Neuroscience research is uncovering the neurochemical mechanisms that produce the behavioural and cognitive problems observed in those with an addiction. This includes: the pharmacological sites at which drugs act (e.g. receptors); the neurochemicals involved in the metabolism (e.g. enzymes) and trafficking of drugs (e.g. transporters) that regulate their activity within the brain; and the molecular changes that occur in the brain as a result of continuous use of addictive drugs over long periods of time (see Chapter 2). As our understanding of addiction deepens and becomes more detailed, it opens up the possibility for a wider range of powerful new technologies to treat and, more controversially, to prevent addiction. Because the neurobiological changes underpinning addiction can vary between individuals and over time, neuroscience may allow clinicians to target new treatments to the most appropriate individuals and at the most appropriate times.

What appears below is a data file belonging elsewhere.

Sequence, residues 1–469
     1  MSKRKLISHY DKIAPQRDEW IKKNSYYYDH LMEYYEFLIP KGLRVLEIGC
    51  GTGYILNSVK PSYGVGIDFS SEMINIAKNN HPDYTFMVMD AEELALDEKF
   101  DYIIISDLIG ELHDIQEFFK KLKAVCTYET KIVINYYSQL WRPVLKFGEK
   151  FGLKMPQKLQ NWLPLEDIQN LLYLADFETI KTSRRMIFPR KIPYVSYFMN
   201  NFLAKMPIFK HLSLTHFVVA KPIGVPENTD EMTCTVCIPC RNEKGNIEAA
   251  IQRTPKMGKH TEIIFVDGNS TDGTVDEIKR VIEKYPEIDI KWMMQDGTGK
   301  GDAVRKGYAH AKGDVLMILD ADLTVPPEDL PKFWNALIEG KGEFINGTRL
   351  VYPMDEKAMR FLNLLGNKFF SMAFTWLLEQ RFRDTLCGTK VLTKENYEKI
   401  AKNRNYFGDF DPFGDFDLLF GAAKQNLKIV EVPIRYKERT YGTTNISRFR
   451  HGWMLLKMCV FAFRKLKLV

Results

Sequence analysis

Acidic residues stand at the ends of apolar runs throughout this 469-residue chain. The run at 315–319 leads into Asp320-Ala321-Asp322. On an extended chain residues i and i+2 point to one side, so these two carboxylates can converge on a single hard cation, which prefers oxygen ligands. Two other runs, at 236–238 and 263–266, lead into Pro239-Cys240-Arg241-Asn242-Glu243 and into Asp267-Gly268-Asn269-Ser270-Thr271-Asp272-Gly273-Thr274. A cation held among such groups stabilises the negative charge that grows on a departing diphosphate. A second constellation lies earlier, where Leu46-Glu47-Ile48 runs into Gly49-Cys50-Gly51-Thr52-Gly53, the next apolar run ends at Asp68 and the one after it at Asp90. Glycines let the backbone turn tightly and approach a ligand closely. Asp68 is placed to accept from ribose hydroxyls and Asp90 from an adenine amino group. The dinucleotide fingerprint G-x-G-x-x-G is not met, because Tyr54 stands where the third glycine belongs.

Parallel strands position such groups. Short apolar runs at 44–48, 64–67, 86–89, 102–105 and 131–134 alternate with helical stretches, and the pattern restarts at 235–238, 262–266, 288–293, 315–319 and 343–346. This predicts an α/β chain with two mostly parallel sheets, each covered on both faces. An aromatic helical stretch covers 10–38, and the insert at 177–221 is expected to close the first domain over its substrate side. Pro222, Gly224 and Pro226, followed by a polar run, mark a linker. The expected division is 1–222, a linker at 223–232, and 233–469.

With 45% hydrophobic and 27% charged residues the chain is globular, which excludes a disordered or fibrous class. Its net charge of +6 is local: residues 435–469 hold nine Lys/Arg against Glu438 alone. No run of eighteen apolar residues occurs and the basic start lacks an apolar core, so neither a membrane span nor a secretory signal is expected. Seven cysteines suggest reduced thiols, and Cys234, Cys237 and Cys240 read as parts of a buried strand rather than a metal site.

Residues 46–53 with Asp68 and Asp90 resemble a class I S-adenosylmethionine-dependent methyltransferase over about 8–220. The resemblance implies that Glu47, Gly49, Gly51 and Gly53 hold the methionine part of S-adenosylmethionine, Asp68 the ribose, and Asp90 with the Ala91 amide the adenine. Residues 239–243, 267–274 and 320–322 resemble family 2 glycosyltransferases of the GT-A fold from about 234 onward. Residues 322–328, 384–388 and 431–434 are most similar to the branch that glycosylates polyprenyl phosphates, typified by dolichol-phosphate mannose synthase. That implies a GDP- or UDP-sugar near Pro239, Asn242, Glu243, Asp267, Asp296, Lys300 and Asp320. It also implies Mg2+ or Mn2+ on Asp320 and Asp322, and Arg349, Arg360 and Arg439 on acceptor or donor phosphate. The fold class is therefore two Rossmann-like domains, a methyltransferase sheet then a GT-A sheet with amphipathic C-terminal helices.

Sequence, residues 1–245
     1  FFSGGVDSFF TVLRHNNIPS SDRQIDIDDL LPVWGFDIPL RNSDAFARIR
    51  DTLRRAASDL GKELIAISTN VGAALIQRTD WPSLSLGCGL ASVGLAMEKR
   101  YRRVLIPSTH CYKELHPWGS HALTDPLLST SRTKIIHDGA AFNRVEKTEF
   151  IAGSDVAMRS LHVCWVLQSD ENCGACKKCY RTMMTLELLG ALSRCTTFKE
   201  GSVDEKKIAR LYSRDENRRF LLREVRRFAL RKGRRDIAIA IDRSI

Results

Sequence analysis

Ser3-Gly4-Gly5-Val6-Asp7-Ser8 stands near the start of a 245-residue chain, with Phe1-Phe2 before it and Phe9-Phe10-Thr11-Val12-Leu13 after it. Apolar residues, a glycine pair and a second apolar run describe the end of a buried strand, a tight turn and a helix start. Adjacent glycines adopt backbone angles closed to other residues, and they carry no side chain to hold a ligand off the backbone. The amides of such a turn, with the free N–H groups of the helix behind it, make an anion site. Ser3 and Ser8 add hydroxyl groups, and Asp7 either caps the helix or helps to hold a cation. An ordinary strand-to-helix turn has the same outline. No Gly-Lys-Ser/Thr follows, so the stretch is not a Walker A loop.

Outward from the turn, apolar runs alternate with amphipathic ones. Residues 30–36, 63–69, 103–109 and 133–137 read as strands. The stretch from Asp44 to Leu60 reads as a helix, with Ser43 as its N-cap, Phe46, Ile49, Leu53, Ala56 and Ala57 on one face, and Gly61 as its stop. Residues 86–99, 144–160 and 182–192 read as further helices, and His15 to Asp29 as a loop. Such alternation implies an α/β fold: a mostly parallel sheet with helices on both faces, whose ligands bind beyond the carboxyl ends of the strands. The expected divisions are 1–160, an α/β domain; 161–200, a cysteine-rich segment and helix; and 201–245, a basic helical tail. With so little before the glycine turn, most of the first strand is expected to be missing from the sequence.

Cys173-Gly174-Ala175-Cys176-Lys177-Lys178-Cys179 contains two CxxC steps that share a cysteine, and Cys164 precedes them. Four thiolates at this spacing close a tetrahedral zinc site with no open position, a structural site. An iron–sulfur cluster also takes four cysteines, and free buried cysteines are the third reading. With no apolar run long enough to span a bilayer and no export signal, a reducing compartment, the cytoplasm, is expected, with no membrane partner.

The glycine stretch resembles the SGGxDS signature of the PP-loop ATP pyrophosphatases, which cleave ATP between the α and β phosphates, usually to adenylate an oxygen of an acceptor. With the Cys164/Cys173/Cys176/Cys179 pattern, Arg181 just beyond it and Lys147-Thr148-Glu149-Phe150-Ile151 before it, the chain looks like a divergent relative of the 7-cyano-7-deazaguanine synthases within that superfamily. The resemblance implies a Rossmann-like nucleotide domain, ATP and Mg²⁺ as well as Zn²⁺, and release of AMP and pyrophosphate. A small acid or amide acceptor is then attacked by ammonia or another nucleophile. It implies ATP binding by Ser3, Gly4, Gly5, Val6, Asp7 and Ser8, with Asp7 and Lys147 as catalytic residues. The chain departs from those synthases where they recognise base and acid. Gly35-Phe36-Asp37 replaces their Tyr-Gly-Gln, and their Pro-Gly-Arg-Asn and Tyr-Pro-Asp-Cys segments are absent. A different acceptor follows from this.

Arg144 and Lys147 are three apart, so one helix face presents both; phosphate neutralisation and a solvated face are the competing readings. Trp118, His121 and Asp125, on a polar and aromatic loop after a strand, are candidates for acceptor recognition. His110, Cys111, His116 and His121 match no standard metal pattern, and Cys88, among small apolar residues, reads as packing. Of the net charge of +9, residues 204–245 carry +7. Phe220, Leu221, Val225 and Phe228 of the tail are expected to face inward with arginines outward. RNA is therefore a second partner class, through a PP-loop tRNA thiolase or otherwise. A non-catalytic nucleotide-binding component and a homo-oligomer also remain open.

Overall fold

|Title of host publication||Addiction neurobiology: Ethical and social implications|
|Editors||Adrian Carter, Benjamin Capps, Wayne Hall|
|Place of Publication||Luxembourg|
|Pages||53 - 68|
|Number of pages||16|
|Publication status||Published - 2009|